Harvest has been very odd, just like the rest of the season.  Our plantings of winter cereals were much lower than planned, due to the wet autumn.  In the spring we decided to plant lots and lots of oats.  The dry spring impacted on crops too.  We started harvest much sooner than usual, with winter barley.  Our beans really suffered this year, and we harvested those straight after the barley, around 6 weeks earlier than usual.  The oilseed rape came off relatively well at Leeds.  Wheat yields are poor and the National Farmers Union think 2020 is the lowest yielding year since the 1980s. We definitely don’t have our usual grain storage problems.
But bringing the crops in early has allowed us to get on with preparations for next year.  We aim to always have living roots in the ground, so we plant a catch or cover crop to grow and harvest the energy of the sun, and put carbon into the ground, within 24 hours of harvest.  We usually plant a mix of nitrogen fixing plants such as clover and vetch, with mustard, radish, buckwheat and maybe some oats.  This helps protect the soil in case of extreme weather, whether it be heat, or rain – we’ve had both those in August!  Oilseed rape will be the first cash crop to be planted.  It’s a fine balancing act between waiting for the flea beetles to go away, and planting soon enough that the plants will be strong to get through winter.  Many farmers are abandoning oilseed rape as a crop in the UK.  Cross fingers we get it right!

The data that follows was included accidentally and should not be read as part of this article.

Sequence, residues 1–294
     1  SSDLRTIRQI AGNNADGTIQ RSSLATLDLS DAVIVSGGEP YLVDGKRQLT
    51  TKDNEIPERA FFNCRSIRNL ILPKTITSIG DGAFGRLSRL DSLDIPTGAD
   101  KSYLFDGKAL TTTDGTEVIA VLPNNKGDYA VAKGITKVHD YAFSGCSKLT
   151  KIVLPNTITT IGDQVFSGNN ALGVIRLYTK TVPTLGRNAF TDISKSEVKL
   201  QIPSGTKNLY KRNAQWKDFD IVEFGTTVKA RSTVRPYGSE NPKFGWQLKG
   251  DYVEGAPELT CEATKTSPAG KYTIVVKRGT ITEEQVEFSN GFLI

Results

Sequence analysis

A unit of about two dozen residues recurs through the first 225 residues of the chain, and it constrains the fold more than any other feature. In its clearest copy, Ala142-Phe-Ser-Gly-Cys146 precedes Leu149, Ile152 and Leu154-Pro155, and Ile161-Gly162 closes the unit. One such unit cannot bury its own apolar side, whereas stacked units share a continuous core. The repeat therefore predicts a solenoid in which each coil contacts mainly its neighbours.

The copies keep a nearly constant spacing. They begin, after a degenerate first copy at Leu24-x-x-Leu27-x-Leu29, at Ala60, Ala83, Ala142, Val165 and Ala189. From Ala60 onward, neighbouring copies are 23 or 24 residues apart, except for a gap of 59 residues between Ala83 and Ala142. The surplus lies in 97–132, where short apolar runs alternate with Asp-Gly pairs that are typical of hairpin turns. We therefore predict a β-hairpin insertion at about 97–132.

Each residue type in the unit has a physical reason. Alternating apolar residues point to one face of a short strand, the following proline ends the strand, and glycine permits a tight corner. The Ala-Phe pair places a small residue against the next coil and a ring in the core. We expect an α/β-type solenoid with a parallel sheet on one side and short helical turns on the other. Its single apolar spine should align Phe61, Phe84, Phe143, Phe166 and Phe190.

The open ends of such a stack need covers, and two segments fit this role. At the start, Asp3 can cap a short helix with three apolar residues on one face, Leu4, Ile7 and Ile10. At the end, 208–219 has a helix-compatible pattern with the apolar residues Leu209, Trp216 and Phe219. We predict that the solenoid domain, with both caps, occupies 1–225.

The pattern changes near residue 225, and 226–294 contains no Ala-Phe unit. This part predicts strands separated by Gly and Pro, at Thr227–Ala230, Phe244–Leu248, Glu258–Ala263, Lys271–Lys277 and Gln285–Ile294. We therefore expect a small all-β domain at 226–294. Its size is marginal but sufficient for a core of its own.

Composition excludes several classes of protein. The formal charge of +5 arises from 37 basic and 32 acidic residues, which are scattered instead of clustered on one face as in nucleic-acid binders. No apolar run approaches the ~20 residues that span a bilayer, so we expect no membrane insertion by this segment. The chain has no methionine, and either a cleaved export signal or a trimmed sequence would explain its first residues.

We have baled straw this year.  We usually chop the straw (the stalks from wheat, barley and oats) and spread it on the land, but as the amount of crop in the barn is so low, we decided to bale the straw so that we can sell it.  This will also help livestock farmers locally, and further away, as there’s a shortage of forage for the animals for winter.